Readers in other countries may not be aware of a news story that is currently causing some controversy in the UK, There is a proposal that GPs should be paid £55 for every case of dementia they diagnose (as I understand it, the money would go to the practice rather than to the GP personally).
Amongst the points that have been raised:
* Why should anyone be paid more for simply doing their job which diagnosis is part of?
* In reality when GPs suspect that a patient may have dementia they will normally refer them to a memory clinic/service for tests and scans and, hopefully, a confident diagnosis.
* There is anecdotal evidence that some GPs fail to spot the signs of dementia, particularly in younger people and, certainly, it would be unwise to assume that a GP can make an accurate diagnosis of the condition. I've read of two cases recently where people have been wrongly diagnosed as having dementia. In one case, a woman sold her house to pay for care and spent over a year in a care home before the error was discovered.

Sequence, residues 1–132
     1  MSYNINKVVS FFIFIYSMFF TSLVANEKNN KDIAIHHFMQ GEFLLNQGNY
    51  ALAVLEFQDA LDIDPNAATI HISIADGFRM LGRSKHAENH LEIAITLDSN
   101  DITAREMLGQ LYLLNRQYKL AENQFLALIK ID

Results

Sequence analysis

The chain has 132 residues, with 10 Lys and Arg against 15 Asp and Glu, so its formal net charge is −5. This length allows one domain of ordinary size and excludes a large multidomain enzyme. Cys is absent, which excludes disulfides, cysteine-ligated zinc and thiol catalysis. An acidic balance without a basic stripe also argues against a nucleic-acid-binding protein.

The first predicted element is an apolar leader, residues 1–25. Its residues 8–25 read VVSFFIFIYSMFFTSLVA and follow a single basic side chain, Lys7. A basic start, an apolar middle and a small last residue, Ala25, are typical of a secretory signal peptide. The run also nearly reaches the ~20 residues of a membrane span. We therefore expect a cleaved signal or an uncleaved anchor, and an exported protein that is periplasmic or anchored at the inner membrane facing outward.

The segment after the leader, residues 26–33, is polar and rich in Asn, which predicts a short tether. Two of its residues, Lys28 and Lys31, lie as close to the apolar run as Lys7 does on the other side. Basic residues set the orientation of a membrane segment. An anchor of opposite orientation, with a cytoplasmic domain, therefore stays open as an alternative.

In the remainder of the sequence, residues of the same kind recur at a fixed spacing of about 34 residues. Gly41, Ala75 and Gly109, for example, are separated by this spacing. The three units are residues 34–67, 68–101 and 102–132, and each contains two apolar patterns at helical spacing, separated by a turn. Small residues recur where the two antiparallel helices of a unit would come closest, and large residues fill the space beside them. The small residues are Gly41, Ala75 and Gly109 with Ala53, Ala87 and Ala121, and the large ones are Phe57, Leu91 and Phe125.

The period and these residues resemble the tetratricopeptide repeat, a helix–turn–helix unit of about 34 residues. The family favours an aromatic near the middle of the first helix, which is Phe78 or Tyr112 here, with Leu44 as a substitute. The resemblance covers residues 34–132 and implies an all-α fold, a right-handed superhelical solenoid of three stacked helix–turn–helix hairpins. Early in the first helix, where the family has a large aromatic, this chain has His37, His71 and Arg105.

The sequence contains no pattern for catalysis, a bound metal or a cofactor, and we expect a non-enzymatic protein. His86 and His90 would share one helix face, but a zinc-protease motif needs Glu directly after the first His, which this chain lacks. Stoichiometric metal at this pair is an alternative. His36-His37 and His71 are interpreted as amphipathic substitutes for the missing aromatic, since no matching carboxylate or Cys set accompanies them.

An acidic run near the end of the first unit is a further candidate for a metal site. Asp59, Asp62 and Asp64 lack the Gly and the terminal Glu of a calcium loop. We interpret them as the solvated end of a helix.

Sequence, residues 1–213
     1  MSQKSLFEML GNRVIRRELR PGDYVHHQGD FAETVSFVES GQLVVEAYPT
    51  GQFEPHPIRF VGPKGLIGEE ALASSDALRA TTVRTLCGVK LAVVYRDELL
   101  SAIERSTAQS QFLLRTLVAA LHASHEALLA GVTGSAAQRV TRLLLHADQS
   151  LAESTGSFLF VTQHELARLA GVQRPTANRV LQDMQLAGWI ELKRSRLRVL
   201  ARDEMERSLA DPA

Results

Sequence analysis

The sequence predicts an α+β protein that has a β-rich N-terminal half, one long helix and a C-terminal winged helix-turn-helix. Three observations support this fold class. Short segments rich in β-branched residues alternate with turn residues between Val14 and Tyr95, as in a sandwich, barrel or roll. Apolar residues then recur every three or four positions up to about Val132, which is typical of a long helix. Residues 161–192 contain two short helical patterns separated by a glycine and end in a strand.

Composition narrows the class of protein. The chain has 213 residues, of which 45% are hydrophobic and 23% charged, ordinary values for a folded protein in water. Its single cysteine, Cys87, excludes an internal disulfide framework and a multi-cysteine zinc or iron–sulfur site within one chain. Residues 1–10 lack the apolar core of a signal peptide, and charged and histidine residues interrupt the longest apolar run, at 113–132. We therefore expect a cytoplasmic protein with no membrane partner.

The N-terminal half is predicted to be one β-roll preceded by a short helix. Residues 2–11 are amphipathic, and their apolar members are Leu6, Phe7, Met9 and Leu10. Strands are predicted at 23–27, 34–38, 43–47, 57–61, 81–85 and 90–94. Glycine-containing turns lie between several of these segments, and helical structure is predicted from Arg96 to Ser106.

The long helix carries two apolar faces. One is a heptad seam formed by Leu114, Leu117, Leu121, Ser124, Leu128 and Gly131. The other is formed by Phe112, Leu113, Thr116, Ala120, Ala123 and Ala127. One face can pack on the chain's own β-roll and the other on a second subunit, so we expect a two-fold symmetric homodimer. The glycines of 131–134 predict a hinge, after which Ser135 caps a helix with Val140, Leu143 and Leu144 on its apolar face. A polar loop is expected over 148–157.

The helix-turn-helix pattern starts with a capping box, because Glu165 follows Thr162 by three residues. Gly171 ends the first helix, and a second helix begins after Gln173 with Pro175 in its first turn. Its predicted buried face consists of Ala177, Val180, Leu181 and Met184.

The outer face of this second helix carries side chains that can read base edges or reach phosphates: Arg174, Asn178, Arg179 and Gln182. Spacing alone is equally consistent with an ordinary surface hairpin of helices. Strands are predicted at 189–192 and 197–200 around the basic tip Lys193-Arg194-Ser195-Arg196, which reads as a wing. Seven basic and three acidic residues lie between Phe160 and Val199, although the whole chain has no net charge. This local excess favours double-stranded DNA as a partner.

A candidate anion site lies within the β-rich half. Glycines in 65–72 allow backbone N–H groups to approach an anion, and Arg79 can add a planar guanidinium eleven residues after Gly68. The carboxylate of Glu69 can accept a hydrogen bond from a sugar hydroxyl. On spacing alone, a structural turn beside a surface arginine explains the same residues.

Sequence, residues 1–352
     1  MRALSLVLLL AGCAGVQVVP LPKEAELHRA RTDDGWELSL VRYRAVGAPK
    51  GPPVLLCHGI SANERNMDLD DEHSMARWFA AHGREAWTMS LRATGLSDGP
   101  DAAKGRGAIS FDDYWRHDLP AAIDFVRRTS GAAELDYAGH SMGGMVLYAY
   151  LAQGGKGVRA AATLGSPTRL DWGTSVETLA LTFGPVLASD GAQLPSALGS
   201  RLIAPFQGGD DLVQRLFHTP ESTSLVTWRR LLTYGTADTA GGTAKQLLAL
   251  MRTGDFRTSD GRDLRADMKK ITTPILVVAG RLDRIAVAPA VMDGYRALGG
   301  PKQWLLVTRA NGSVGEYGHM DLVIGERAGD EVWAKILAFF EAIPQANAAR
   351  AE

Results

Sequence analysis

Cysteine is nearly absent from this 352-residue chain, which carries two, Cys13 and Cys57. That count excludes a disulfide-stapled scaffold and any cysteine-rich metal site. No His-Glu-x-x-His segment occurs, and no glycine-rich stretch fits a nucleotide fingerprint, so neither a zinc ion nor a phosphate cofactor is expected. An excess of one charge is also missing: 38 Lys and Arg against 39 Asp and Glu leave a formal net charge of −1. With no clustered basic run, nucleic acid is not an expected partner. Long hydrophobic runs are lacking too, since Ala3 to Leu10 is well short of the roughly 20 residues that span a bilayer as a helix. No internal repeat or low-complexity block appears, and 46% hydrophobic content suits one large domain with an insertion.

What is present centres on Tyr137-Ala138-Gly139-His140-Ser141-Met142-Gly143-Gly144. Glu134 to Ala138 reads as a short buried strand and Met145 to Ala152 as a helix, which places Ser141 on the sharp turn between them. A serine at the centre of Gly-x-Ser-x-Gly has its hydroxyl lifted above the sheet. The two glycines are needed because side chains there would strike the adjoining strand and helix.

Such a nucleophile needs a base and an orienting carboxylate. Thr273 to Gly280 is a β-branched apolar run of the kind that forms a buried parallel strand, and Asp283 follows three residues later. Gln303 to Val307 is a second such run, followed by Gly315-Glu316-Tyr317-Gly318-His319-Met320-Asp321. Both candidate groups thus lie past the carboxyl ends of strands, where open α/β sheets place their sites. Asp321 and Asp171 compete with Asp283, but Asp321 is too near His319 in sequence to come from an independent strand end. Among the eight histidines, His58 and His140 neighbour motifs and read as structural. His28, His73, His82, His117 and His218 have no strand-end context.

* A distinction needs to be made between a diagnosis of the condition we call dementia and a diagnosis of one or more of the diseases that cause the condition. If it's clear that the diagnosis of dementia is not always easy, diagnosis of the disease(s) can be very difficult. It is true to say that a definite diagnosis can only be made post mortem - if then.
* Is it wise to rush to diagnose people with a condition for which there is no cure and for which the only treatments are, for many people, inadequate or worse?
I've discussed this in earlier posts which you can find by using the search box (top left).
* Many people living with dementia, and their carers, feel that adequate support post-diagnosis should be the number one priority. There's also a fear that a rapid increase in the number of diagnoses made will simply put more pressure on support services which are, in many cases, already falling apart or non-existent.